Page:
How can the impacts of adversity from racism in early childhood affect the health of a lifetime? One answer lies in the particular sensitivity of young and developing bodies to the physiological effects of a stressful environment. We all know what stress looks like physically, and science explains the source of these sensations.

When faced with an acute challenge or threat, the stress response systems inside our bodies activate. Blood pressure and heart rate increase. Stress hormones such as cortisol are elevated. The immune system triggers an inflammatory response to prepare for wound healing and fight infections. Metabolic systems mobilize blood sugar to fuel the “fight or flight” response. Once the threat is managed, the stress response (which can save lives) returns to baseline. But if the level of adversity remains high for long periods of time (from chronic discrimination or poverty, for example), the continued activation of the stress response can have a wear and tear effect on the inside of the body that leads to “toxic stress” and a host of health problems.

For example, excessive inflammation can affect multiple organ systems and increase the likelihood of developing heart disease and autoimmune disorders. Prolonged elevations in blood sugar can lead to insulin resistance, obesity, metabolic syndrome, and diabetes. Once we understand the biology of adversity and resilience, we can see how the excessive activation of stress early in life does not lead to inevitable illness but increases the risk of later problems, many of which include the pre-existing medical conditions associated with more serious illness from Covid19. The high prevalence of these conditions among people of color may thus explain part of the marked racial / ethnic differences in hospitalization and death rates from the pandemic.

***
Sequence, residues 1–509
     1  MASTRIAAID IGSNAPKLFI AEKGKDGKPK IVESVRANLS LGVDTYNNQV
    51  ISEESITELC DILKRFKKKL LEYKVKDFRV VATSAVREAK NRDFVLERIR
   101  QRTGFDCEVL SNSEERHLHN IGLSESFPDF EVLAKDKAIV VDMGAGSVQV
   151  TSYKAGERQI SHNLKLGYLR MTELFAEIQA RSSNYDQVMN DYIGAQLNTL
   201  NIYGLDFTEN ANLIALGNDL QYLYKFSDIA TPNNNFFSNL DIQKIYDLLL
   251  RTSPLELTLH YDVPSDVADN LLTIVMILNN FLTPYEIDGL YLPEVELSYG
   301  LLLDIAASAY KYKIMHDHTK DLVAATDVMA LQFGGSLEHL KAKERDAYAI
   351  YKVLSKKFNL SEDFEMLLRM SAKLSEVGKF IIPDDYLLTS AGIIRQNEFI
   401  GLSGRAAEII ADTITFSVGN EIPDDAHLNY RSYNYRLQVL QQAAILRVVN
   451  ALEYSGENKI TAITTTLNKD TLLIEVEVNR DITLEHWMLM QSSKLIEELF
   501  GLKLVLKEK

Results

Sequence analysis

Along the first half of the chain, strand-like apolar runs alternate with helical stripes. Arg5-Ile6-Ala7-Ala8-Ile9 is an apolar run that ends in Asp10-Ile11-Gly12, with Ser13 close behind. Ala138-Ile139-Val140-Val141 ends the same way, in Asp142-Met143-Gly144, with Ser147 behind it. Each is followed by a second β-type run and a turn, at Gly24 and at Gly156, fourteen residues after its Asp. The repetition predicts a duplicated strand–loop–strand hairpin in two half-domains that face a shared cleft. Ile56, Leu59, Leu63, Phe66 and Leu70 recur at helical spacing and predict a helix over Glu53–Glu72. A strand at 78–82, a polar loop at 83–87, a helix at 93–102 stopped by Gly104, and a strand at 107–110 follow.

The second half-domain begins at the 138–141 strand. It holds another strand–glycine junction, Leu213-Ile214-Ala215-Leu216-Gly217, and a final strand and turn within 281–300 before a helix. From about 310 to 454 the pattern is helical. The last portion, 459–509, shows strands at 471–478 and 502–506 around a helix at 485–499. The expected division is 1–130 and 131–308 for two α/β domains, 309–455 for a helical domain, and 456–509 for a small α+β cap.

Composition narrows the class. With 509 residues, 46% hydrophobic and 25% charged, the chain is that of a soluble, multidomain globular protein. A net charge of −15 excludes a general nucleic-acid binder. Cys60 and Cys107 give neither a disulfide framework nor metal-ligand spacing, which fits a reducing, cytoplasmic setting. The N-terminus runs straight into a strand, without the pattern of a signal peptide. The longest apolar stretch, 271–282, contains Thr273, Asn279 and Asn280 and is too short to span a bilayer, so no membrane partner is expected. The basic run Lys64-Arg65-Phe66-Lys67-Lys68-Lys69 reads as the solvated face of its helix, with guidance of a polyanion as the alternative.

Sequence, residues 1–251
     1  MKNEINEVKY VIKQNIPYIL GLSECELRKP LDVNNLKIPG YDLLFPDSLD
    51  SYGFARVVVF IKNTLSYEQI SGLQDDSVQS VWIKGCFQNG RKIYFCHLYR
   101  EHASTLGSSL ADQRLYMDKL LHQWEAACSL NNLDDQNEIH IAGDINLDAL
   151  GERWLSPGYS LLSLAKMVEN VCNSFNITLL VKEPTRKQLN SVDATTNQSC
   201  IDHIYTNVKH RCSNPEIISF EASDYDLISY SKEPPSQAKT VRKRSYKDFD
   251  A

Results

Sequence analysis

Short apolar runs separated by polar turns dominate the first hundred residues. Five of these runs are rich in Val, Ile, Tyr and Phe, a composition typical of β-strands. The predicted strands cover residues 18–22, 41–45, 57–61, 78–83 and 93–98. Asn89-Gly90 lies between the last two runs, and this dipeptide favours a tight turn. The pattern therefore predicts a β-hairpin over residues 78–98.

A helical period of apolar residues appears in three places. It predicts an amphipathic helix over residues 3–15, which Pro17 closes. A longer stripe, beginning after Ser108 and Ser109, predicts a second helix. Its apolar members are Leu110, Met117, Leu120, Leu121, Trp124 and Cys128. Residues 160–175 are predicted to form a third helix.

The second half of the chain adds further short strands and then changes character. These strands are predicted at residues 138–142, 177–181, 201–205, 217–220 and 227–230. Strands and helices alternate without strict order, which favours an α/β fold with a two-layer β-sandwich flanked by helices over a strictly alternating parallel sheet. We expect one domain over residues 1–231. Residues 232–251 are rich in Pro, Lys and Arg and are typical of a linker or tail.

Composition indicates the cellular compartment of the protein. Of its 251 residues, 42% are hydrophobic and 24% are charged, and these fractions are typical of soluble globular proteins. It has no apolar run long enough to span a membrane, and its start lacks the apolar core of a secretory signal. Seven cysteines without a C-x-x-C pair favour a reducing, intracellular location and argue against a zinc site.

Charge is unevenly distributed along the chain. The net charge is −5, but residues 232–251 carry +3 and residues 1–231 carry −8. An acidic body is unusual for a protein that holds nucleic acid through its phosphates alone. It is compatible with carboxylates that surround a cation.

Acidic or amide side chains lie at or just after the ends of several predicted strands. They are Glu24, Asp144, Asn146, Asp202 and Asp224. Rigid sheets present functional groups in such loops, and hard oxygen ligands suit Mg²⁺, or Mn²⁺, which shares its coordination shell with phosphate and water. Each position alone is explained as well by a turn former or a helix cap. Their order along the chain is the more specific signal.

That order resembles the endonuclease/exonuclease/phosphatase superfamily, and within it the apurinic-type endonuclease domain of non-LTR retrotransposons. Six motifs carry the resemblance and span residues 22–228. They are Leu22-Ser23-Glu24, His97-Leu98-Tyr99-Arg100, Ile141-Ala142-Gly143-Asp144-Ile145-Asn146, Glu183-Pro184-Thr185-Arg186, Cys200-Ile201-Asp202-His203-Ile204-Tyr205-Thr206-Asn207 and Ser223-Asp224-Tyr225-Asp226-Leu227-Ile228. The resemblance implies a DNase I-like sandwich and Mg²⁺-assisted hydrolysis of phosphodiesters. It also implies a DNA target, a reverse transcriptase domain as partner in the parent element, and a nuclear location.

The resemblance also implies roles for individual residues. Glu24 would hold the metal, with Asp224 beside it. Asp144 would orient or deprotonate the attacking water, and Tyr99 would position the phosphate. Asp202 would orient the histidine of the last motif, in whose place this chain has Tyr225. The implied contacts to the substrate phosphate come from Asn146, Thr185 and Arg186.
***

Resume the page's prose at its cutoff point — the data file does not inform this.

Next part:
Much of the public debate on disparities in health outcomes focuses on unequal access to medical care, unequal treatment in the health system, and the impacts of lifestyles and individual responsibility on health. adulthood. But science tells us that preventing or lessening the effects of adverse experiences and exposures in infancy could be as important to long-term health as the conditions we live in as adults and the medical care we receive. .

A better understanding of how the synergistic tensions of systemic racism, interpersonal discrimination and intergenerational poverty can be integrated into the body can be a powerful tool on the road to a healthier and more just world. Science tells us that the road must begin in the first years of life.

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This article originally appeared in Known magazine, an independent journalistic company of Annual Reviews. Register to receive the newsletter.


About Hector Hedgepeth